Tupolev Tu-142 Airplane Videos and Airplane Pictures

Tupolev Tu-142 Video - Overview

Tupolev Tu-142 Video - Model

Tupolev Tu-142 Aircraft Information

Tupolev Tu-142


Warbird Picture - A Tu-142 Bear F

Picture - A Tu-142 Bear F

Role: Maritime patrol aircraft
Manufacturer: Tupolev
Status: Active service
Primary users: Soviet Navy Russian Navy Indian Navy
Developed from: Tupolev Tu-95

The Tupolev Tu-142 (Туполев Ту-142) (NATO reporting name: Bear F / J) is a Russian maritime reconnaissance/anti-submarine warfare (ASW) turboprop aircraft. It is based on the Tupolev Tu-95 strategic bomber.

Design and development

Originally designed as a maritime surveillance aircraft to supplement the Bear D and the Ilyushin Il-38, the Bear F evolved to become the premier anti-submarine warfare (ASW) aircraft of the Soviet Navy during the Cold War. The ASW variants were designated as Tu-142M2 (Bear F Mod 2), Tu-142M3 (Bear F Mod 3), and Tu-142M4 (Bear F Mod 4).

The Tu-142MR (Bear J) was a variant of the Bear F modified for use in submarine communications as well as other command, control and communications (C3) duties.

With eight-bladed contra-rotating propellers the engine that emerged was the Kuznetsov NK-12 with a nominal 8,948 kW (12,000 eshp) power rating. Although the engine was advanced, the fuselage design was conventional: it is a low-wing cantilever monoplane with 35 degrees of sweep. The angle ensured that the main wing spar passed though the fuselage in front of the bomb bay. It had a retractable tricycle landing gear, with the main gear retracting rearwards. The aircraft first flew in 1953.

Operational history

Airplane Picture - Tu-142 Bear F at the Kiev State Aviation Museum, Ukraine.

Picture - Tu-142 Bear F at the Kiev State Aviation Museum, Ukraine.

The Indian Navy uses 8 Tu-142s as maritime reconnaissance and anti-submarine warfare aircraft. The aircraft was involved in a week-long joint Indo-US naval exercise in the Arabian Sea in September 2002.


Tu-142/Tu-142M (Bear F) Anti-submarine variant with extended forward fuselage and other changes from Tu-95. Tu-142MR (Bear J) Morskoy Razvedchik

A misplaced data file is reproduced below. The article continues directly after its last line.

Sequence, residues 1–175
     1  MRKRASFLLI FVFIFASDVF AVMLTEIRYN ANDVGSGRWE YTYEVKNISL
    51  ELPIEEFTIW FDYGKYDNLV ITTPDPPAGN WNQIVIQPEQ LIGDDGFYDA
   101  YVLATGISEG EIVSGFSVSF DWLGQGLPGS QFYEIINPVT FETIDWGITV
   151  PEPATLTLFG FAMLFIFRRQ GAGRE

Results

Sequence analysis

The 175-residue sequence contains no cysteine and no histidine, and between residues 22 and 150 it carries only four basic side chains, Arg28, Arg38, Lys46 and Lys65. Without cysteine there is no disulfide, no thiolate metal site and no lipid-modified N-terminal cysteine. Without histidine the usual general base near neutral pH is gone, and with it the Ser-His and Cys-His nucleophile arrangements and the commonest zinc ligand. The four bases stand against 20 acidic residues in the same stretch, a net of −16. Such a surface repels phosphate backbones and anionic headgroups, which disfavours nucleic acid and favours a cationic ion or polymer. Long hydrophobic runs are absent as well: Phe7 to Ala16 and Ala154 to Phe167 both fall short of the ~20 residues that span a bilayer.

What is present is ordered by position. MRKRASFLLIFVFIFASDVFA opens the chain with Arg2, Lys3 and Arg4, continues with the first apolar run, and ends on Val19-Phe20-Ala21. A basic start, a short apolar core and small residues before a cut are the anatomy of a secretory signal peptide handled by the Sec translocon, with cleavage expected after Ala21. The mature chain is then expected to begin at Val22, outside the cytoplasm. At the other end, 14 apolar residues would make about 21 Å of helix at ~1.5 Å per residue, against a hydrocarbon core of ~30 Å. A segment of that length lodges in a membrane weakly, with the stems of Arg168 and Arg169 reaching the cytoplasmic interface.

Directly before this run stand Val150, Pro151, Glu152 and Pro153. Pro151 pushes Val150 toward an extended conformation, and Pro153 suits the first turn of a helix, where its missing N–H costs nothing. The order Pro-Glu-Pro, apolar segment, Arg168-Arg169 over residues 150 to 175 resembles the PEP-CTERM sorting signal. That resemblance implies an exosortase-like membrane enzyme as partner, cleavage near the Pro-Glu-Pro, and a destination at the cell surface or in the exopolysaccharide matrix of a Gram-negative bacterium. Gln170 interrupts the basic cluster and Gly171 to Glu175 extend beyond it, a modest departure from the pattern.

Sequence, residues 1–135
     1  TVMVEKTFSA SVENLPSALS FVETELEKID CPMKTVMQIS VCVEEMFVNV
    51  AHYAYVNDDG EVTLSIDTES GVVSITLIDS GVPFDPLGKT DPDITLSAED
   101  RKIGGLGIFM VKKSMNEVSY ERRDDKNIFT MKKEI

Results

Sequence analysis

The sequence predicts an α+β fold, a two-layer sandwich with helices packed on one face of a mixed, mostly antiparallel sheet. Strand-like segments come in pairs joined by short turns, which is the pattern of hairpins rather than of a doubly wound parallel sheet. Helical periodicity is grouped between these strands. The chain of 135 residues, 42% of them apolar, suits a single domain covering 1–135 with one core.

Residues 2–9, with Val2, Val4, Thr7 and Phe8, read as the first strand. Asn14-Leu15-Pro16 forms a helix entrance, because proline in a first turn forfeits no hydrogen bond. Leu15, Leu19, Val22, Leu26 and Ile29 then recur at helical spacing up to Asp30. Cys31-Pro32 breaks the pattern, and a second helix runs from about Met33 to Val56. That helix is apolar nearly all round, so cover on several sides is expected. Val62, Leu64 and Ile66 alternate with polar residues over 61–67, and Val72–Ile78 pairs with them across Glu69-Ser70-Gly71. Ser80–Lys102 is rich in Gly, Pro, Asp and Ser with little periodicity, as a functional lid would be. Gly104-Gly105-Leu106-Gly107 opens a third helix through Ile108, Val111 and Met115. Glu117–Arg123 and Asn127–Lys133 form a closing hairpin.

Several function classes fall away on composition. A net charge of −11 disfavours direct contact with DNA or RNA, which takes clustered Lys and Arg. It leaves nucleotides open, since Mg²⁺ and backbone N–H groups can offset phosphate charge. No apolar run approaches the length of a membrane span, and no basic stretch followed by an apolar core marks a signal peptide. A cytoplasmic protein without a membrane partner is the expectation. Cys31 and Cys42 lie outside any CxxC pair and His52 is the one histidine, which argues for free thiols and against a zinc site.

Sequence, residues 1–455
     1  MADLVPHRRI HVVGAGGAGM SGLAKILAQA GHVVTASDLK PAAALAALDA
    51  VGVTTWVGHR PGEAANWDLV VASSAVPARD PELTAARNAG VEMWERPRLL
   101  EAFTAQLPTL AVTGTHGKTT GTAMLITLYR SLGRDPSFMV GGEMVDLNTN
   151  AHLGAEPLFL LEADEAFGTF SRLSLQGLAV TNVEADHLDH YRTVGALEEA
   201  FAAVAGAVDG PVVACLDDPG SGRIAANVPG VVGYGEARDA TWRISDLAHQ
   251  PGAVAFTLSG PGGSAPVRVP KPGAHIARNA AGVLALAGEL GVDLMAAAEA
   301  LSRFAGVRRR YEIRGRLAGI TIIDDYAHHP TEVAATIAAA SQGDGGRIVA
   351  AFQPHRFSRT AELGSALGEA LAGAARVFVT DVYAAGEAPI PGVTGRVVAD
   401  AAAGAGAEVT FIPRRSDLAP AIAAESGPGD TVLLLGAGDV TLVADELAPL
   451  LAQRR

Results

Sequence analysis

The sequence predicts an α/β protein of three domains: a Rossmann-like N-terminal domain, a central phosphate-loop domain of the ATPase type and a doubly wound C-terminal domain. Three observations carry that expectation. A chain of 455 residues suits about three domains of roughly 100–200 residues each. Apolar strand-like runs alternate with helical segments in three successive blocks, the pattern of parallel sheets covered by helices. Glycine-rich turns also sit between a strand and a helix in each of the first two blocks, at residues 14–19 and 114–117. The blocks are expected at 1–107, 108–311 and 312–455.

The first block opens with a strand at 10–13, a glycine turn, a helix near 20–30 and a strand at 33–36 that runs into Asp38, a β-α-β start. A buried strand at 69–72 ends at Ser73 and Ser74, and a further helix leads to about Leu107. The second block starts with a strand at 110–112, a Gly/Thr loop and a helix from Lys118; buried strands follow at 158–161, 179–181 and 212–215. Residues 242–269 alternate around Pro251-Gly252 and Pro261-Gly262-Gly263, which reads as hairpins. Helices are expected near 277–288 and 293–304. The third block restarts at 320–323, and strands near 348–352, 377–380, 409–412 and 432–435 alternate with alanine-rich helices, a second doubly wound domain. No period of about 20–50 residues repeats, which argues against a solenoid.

Airplane Picture - Tu-142 of the Indian Navy at Arakkonam Naval Air Station.

Picture - Tu-142 of the Indian Navy at Arakkonam Naval Air Station.


Indian Navy - received eight Tu-142 aircraft for maritime patrol.


Russian Naval Aviation - 15 Tu-142 aircraft in 2009;

Former Soviet Union

Soviet Naval Aviation - Passed on to Russia.


Ukrainian Air Force


On November 7, 2009, 11 crew were killed when their Tu-142 crashed over the Tartar Strait during a training flight. All flights of Russia's Pacific Fleet were suspended pending an investigation into the crash. There was no indication that the crew made use of emergency equipment, as a lifeboat on board the plane was fitted with a device that gives out a signal in the event of an accident. Nikolay Makarov, Chief of the General Staff, believed engine failure could have caused the crash. Wreckage belonging to the aircraft was discovered in early December. A memorial service was held for the crew on 16 December 2009.

Specifications (Tu-142M3)

Data from The Encyclopedia of World Military Aircraft

General characteristics

Length: 49.50 m (162 ft 5 in)
Wingspan: 51.10 m (167 ft 8 in)
Height: 12.12 m (39 ft 9 in)
Wing area: 311.10 m (3,348.76 ft)
Empty weight: 90,000 kg (198,000 lb)
Max takeoff weight: 185,000 kg (407,848 lb)
Powerplant: 4x Kuznetsov NK-12MV turboprops, 11,033 kW (14,795 shp) each


Maximum speed: 925 km/h (500 kt, 575 mph)
Cruise speed: 711 km/h (384 kt, 442 mph)
Combat radius: 6,500 km (3,454 nmi, 3,977 mi) (operational)
Service ceiling: 12,000 m (39,000 ft)

Related development

Tupolev Tu-95
Tupolev Tu-114
Tupolev Tu-119
Tupolev Tu-126

Living Warbirds: The best warbirds DVD series.

Source: WikiPedia

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